Occupy Raisina Hill

Too many of us, including TV talking heads, confuse the political with the psychological. It is not the government's job to soothe and handhold you, or a politician's duty to make a strident production of her feelings. It is their job to provide security and a responsive administration. But the reason rapes happen, are rarely reported, and are listlessly investigated, is not because of our government, it is because of our society. It is because we make a rape survivor feel that she is better off not asking for redress, and inviting all the social shaming and intrusive questioning that goes with it.

Institutional responses also flow out of social responses, ultimately. Much of the police is hostile to women, treating sexual assault cases with insensitivity, or outright misogyny. Though our rape law is unexceptionable on paper, and privileges the woman's testimony over corroborating evidence or questions of prior sexual conduct and character, it is tripped by bad investigation and by delay. The police, then, could be one point of focus in this agitation. Reforming the police requires depoliticising it, remaking its incentives to make it accountable to citizens, that its men and women are better trained to deal with sexual violence, that their social attitudes are linked to recruitment and promotion, if possible. Judicial pendency would be another productive point of focus for public dissatisfaction.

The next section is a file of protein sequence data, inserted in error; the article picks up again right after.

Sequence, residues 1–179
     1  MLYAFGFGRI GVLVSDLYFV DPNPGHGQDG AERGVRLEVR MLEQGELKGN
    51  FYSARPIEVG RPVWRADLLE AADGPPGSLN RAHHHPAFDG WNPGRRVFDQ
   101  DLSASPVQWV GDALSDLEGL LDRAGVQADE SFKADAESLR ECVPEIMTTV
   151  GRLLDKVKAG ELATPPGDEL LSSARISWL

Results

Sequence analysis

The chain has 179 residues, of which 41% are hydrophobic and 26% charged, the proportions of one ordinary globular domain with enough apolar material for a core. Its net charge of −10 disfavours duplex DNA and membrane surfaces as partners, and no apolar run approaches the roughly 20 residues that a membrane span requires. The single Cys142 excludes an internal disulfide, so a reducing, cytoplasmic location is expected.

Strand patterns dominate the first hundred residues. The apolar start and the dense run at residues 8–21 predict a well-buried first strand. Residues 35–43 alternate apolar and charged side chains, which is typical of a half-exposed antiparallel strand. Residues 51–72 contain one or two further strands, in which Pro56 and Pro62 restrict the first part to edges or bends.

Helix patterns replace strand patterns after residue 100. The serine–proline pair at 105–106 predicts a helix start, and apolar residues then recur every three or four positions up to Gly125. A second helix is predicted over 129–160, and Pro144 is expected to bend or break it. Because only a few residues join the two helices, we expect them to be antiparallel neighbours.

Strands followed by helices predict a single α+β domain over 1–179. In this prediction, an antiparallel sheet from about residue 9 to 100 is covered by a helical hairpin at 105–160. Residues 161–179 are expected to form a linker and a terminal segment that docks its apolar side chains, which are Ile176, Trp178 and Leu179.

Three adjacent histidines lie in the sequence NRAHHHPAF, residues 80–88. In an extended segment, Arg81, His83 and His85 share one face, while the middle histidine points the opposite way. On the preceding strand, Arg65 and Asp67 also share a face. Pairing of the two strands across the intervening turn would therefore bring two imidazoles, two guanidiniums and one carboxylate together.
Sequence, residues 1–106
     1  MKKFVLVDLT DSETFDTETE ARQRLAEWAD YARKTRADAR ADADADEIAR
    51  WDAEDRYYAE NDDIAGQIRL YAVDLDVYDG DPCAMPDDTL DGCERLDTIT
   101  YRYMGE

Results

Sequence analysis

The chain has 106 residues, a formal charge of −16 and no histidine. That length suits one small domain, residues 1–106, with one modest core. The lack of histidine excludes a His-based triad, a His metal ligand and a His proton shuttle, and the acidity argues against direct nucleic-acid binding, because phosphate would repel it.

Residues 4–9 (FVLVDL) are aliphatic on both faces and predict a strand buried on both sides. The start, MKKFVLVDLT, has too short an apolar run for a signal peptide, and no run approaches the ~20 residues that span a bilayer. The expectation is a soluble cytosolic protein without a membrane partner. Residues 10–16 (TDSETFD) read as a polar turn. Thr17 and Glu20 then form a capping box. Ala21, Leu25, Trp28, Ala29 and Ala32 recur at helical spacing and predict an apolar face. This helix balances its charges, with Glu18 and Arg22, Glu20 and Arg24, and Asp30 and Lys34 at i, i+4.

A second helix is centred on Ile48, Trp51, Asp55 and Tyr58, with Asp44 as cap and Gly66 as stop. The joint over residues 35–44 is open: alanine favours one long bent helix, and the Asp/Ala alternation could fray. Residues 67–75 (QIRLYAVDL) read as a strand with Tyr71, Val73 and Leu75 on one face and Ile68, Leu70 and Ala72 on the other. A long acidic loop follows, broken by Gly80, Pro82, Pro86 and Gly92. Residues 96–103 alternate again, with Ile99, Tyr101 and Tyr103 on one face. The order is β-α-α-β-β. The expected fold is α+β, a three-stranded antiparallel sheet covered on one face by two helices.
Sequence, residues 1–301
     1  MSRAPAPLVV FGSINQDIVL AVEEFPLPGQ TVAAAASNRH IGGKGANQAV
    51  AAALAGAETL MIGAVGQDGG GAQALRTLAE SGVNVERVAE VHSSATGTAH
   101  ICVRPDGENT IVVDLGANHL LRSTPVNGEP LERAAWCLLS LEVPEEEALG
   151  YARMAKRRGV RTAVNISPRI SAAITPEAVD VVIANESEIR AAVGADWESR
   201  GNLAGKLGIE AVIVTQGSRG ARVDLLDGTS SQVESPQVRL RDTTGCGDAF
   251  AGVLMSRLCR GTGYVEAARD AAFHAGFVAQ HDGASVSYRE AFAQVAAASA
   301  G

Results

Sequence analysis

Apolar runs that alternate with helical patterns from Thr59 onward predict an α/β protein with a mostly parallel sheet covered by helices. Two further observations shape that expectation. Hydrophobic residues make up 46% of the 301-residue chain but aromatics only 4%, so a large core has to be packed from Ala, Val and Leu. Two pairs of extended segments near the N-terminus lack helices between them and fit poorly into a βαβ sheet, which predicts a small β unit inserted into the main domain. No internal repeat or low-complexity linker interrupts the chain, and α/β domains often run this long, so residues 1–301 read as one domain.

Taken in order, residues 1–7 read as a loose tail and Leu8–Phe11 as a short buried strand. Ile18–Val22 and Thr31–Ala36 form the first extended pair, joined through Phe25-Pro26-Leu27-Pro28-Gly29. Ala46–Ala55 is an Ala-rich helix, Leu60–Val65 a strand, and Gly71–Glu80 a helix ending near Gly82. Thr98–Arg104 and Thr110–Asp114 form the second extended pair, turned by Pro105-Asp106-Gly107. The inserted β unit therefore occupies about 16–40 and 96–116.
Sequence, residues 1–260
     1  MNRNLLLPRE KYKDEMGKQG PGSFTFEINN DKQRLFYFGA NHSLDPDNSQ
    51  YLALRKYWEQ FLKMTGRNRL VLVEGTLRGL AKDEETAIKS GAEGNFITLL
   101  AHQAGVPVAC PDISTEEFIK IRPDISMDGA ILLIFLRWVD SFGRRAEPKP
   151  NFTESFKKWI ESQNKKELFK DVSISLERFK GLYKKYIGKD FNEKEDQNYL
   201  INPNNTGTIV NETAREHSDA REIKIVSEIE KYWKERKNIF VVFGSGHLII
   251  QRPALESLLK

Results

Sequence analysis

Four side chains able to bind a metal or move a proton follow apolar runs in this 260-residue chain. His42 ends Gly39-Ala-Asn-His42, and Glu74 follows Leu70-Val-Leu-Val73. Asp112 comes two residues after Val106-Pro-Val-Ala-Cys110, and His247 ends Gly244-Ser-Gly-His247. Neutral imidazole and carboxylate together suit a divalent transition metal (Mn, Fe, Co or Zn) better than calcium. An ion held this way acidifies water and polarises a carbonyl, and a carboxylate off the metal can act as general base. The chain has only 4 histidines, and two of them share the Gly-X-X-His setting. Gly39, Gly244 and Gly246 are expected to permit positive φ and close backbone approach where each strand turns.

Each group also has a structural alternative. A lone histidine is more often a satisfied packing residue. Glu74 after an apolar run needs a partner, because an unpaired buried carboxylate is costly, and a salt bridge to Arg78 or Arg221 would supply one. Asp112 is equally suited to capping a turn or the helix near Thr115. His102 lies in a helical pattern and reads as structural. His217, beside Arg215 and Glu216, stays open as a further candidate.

The real transformation though, still needs to be internal. Rape can be driven by sadism, by the need to dominate or control a person or a group, to terrorise a woman or to teach a man whose "property" she is assumed to be. We can try to change the assumptions of a rape culture, by making sure girls and boys grow up with healthier gender roles, by making sexuality less repressed and dark than it is.

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